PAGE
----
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Integrated Services Digital Network (ISDN) - Consumer, Industry, Services and Configuration


Integrated Services Digital Network (ISDN) is a type of circuit switched telephone network system, designed to allow digital (as opposed to analog) transmission of voice and data over ordinary telephone copper wires, resulting in better quality and higher speeds, than is capable with analog systems. More broadly, ISDN is a set of protocols for establishing and breaking circuit switched connections, and for advanced call features for the end user.

Consumer and industry perspectives

There are two points of view into the ISDN world. The most common viewpoint is that of the end user who wants to get a digital connection into the telephone/data network from home, whose perforcemance would be a little better than a modem connection. They typical end-user's connection to the Internet is related to this point of view, and talk about the merits of various ISDN modems, carriers' offerings and tarriffing (features, pricing) are from this perspective. Much of the following discussion is from this point of view, but it should be noted that as a data connection service, ISDN has been mostly superseded by DSL..

There is however a second viewpoint, that of the telephone industry, where ISDN is not a dead issue. A telephone network can be thought of as a collection of wires strung between switching systems. The common electrical specification for the signals on these wires is T1 or E1. On a normal T1, the signalling is done with A&B bits to indicate on or off hook conditions and MF and DTMF tones to encode the destination number. ISDN is much better than this as messages can be sent much more quickly than by trying to encode numbers as long (100 ms per digit) tone sequences. This translated to much faster call setup times which is greatly desired by carriers who have to pay for line time and also by callers who hate to wait while their call hops from switch to switch.

It is also used as a smart network technology intended to add new services to the public switched telephone network (the PSTN) by giving users direct access to end-to-end circuit-switched digital services.

National services

ISDN has never gained popularity as a telephone network in the United States and today remains a niche product. In Japan, it became popular to some extent from around 1999 to 2001, but now that ADSL has been introduced, the number of subscribers is in decline.

In Japan, NTT, a dominant telephone company, provides an ISDN service with the names INS64 and INS1500, which are much less recognized than ISDN.

In the UK, British Telecom (BT) provides Home Highway and Business Highway, which are BRI ISDN services which offer connection from analog devices (such as normal phones) as well as ISDN devices (such as PCs equipped with terminal adapters). Home Highway has been bought by many home users, usually for Internet connection. Although not as fast as ADSL, it was available before ADSL, and in places where ADSL does not reach. BT also offers PRI ISDN.

In France, France Telecom offers ISDN services under their product name Numeris (2 B+D) of which a profesional Duo and home Itoo version is available. ISDN is generally known as RNIS in France and has widespread availability. The introduction of ADSL is reducing ISDN use for data transfer and internet access, although it is still common in more rural and outlying areas.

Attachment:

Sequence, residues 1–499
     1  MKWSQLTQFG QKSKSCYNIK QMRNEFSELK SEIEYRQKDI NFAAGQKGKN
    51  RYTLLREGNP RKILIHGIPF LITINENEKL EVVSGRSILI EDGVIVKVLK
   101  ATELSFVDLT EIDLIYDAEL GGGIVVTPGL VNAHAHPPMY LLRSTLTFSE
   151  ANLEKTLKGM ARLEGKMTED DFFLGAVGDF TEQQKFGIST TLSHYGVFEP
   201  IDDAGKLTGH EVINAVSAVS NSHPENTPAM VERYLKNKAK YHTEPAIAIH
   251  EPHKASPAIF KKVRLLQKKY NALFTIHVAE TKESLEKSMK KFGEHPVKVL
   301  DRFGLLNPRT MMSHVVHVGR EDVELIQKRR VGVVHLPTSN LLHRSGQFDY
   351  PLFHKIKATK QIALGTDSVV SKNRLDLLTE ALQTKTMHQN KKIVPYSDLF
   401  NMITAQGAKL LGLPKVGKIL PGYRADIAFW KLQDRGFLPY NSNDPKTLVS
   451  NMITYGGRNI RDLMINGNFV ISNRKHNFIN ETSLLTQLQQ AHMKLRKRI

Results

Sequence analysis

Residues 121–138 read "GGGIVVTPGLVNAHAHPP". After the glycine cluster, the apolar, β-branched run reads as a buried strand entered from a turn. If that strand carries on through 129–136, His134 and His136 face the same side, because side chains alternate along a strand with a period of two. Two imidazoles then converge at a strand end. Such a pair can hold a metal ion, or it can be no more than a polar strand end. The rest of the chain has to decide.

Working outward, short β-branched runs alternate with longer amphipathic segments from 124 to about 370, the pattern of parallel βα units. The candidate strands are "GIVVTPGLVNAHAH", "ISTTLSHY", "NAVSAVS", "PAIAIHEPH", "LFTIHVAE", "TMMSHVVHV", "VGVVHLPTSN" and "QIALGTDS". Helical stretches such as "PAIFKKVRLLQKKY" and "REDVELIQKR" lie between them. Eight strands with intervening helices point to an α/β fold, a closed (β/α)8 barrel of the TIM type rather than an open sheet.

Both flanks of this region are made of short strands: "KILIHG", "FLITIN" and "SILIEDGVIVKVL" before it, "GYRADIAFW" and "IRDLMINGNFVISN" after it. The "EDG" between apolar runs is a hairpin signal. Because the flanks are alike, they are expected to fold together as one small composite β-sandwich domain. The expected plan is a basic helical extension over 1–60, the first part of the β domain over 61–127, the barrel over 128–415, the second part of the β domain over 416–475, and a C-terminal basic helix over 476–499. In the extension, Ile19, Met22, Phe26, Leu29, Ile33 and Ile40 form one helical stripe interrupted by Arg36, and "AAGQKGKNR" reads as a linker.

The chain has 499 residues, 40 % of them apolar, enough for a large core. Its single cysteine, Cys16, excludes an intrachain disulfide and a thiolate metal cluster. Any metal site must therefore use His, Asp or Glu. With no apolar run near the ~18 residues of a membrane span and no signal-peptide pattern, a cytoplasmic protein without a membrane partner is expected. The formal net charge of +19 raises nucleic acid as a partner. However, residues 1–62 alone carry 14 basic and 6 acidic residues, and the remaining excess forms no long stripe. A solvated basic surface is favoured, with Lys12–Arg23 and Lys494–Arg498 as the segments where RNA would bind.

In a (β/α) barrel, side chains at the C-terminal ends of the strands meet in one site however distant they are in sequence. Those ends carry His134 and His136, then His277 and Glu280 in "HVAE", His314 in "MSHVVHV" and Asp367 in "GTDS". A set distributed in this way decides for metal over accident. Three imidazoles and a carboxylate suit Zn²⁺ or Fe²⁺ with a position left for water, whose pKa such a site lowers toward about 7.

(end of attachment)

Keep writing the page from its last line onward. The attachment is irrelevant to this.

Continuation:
In Germany, ISDN is very popular with an installed base of 25 mio. channels (29% of all subscriber lines in Germany as of 2003 and 20% of all ISDN channels worldwide). Due to the success of ISDN, the number of installed analog lines is decreasing. Deutsche Telekom (DTAG) offers both BRI and PRI. Competing phone companies often offer ISDN only and no analog lines.


In ISDN, there are two types of channels, B and D:

  • B channels are used for data--this refers both to voice and data information, and
  • D channels are intended for signalling and control (but can also be used for data).
  • B stands for Bearer and D stands for Delta.
There are two kinds of access to ISDN:
  • Basic Rate Interface (BRI) - consisting of two B channels, each with bandwidth of 64 kbit/s, and one D channel with a bandwitdth of 16 kbit/s. Together these three channels cna be designated as 2B+D, and,
  • Primary Rate Interface (PRI) - containing a greater number of B channels and a D channel with a bandwidth of 64 kbit/s, The number of B channels varies based on the country: North America and Japan: 23B+1D, aggregate bit rate of 1.544 Mbit/s (T1), Europe, Australia: 30B+D, aggregate bit rate of 2.048 Mbit/s (E1).
Call data is transmitted over the data (B) channels, with the signalling (D) channels used for call setup and management. Once a call is set up, there is a simple 64 kbit/s synchronous bidirectional data channel between the end parties, lasting until the call is terminated. There can be as many calls as there are data channels, to the same or different end-points. Bearer channels may also be multiplexed into what may be considered single, higher-bandwidth channels via a process called B channel bonding.

The D channel can also be used for sending and receiving X.25 data packets, and connection to X.25 packet network. In practice, this was never widely implemented.

Related Topics
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Ethernet - History and Basics
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Broadband Technology
Digital Subscriber Line (DSL) - Equipment, Protocols, Configurations and Technologies


This article is from Wikipedia.org. All text is available under the terms of the GNU Free Documentation License.